FAO is promoting CA mostly in the semi-arid areas as it focuses on supporting the vulnerable communities. Currently, it is working in different counties including Kitui, Tharakanithi, Machakos, and Makueni.The organization is also planning to move to Meru, Laikipia, Kilifi, and Kwale. CA is a great solution since it saves on farm inputs, responds to better use of water, and increases productivity. It is beneficial, particularly in the semi-arid regions, which receive low rainfall. CA is also a big component of climate change, a major global issue in the current time.
The organization is providing training to extension officers, non-governmental organizations as well as local community members, who are in turn expected to train farmers. “It has 20 master trainers, 40 training of trainers (TOT), and 240 trainers in every county,” affirms Alinovi. “The latter are required to train 60 farmers each,” he adds.
The organization is also doing several innovations in West Pokot, where it is encouraging farmers to grow green grams. The residents, who are mainly livestock keepers, have responded positively as they anticipate benefiting from the project. FAO first undertakes a pilot study that helps in showcasing, attracting and encouraging farmers to implement the CA approach. Approximately 78,000 farmers have adopted conservation agriculture. FAO sees this is a great achievement as plans are underway to move to the second training phase.
Connecting farmers to markets
Agriculture is entrepreneurship. To make farmers get value of their farm produce, FAO makes agreements with various companies such as Unga Group Limited, which in turn sign contracts with farmers. This is beneficial in that farmers are guaranteed of quality seeds, technical advice and stable prices, thus leading to increased production and profits.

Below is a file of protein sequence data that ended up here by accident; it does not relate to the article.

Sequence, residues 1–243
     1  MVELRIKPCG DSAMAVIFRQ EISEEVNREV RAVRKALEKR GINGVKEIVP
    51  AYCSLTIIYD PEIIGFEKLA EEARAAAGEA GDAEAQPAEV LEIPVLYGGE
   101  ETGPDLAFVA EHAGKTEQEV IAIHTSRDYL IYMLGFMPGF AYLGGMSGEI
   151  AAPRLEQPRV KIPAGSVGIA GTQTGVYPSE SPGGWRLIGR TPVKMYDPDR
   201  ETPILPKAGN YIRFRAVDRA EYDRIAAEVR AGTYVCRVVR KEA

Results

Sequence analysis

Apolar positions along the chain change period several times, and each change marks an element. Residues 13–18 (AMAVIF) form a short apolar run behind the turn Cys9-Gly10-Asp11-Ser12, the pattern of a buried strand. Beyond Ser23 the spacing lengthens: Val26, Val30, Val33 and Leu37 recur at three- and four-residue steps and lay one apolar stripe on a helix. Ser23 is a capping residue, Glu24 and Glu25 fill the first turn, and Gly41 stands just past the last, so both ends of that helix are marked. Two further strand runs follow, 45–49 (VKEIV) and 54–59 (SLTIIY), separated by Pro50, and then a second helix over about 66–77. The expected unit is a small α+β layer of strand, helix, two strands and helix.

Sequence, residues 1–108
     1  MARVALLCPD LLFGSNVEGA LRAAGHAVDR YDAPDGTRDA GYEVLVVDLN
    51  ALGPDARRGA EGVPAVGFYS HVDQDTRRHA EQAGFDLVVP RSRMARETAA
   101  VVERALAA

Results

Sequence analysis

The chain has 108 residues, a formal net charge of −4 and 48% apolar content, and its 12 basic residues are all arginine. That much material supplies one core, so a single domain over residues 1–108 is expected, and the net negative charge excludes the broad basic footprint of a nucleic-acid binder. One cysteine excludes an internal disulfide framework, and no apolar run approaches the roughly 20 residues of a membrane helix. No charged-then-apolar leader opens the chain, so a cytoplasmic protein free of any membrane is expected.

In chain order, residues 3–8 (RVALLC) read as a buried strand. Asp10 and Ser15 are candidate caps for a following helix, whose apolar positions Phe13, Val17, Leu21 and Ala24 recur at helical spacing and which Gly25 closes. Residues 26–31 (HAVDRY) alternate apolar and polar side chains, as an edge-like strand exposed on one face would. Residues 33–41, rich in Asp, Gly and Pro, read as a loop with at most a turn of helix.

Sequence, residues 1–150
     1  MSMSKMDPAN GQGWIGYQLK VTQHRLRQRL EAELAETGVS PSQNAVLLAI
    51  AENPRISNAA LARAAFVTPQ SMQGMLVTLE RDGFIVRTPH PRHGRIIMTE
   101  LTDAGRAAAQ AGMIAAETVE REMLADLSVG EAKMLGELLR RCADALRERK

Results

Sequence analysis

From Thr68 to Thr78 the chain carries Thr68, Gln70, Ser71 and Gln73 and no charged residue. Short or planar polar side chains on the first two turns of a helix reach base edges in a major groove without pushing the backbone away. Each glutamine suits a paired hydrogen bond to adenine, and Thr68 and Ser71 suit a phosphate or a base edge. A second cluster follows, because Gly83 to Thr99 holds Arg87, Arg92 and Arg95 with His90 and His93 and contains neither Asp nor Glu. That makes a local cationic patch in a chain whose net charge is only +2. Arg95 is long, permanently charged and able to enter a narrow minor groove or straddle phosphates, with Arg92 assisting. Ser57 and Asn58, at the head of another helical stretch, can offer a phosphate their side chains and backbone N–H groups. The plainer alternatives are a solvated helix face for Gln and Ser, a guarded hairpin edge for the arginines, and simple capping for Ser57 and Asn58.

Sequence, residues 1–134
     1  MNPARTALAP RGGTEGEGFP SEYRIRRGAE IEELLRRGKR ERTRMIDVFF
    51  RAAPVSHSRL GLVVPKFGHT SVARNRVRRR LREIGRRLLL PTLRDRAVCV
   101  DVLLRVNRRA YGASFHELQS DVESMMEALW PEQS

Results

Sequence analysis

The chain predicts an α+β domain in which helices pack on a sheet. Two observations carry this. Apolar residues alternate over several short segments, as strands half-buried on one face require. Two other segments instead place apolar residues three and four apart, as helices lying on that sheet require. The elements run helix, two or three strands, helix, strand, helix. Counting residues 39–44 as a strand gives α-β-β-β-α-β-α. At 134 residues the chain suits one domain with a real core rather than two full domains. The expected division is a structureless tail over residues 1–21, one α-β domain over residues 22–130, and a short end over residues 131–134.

Small-scale producers can become rich by producing commodities of great value, getting the right inputs and using proper technology. The role of FAO is supporting farmers to produce more to meet market demand while championing for market solutions. Production driven by market demand is the model that the organization has adopted.
Challenges faced while implementing CA
Shifting from conventional agriculture to CA practices represents one of the key challenges in terms of changing habits and mind sets. Traditionally, farmers believed in tilling their lands to bury weeds, break soil compaction, and mineralize nutrients while creating a loose bed appropriate for sowing seeds. While this is true in the short-term, they have negative medium-to-long term impacts as they result in the impoverishment of soil quality that is unsuitable from an environmental and economic viewpoint.
Besides, producing sufficient residue to cater for both livestock demand and soil cover is a great challenge. Many farmers use biomass for various purposes including building of huts, production of cooking fire, as well as feeding of livestock. Therefore, farmers are not willing to leave it in the fields to rot. However, FAO is creating awareness at the county level on the long-term benefits of CA.
Farmers lack knowledge on how to undertake CA. Providing the basic knowhow during FFS before farmers can implement the practices is a key priority of the organization.
Notwithstanding these challenges, farmers are responding positively and are willing to abandon their traditional farming techniques as they are guaranteed of increased productivity and income.
Through rural agricultural development, FAO is also focused on boosting food security, a problem that is not only affecting Kenya, but the globe at large.
In a nutshell, CA provides unique and critically needed solutions to many of the challenges all farmers face, requiring FAO to make every effort to develop its full potential.